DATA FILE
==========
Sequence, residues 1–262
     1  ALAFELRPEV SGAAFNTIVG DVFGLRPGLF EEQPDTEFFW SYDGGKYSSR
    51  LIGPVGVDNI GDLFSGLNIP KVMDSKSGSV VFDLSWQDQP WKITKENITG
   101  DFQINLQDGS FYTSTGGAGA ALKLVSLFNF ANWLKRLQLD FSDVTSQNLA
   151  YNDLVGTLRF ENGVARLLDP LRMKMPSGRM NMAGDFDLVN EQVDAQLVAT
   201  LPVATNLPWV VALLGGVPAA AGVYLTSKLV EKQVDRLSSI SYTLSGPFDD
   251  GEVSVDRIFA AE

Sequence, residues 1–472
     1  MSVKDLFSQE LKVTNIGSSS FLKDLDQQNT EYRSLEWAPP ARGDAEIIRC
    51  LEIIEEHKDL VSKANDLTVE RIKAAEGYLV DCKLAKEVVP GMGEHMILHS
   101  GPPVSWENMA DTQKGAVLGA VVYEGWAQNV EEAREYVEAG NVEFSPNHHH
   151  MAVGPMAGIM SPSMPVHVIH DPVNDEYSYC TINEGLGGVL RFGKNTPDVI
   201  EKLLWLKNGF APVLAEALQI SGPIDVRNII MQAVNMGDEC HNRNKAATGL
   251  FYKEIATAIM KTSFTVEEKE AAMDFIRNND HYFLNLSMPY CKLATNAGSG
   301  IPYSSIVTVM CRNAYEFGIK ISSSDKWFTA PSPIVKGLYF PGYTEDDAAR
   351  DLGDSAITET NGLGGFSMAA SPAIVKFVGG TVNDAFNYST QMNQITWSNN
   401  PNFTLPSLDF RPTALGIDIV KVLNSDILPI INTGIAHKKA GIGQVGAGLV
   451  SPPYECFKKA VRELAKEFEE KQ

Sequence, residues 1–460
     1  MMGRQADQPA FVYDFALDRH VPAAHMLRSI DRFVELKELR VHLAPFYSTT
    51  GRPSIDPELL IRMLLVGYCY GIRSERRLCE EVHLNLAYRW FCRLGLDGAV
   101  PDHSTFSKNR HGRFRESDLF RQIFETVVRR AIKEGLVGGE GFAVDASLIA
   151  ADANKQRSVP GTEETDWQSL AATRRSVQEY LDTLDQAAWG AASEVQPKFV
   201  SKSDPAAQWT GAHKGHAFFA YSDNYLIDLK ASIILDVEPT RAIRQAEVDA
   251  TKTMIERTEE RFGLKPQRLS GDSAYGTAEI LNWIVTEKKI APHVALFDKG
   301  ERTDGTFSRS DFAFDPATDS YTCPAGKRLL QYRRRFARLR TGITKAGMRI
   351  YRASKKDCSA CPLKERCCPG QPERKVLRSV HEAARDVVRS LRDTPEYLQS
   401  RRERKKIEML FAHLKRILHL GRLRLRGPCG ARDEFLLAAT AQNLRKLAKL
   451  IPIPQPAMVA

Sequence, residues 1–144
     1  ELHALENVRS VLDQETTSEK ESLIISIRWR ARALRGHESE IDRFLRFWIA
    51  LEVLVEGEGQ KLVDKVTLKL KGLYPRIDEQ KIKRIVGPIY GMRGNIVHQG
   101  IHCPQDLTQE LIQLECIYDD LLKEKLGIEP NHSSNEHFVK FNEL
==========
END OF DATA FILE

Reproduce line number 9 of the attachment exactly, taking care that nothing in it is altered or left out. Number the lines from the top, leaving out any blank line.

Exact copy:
     1  MSVKDLFSQE LKVTNIGSSS FLKDLDQQNT EYRSLEWAPP ARGDAEIIRC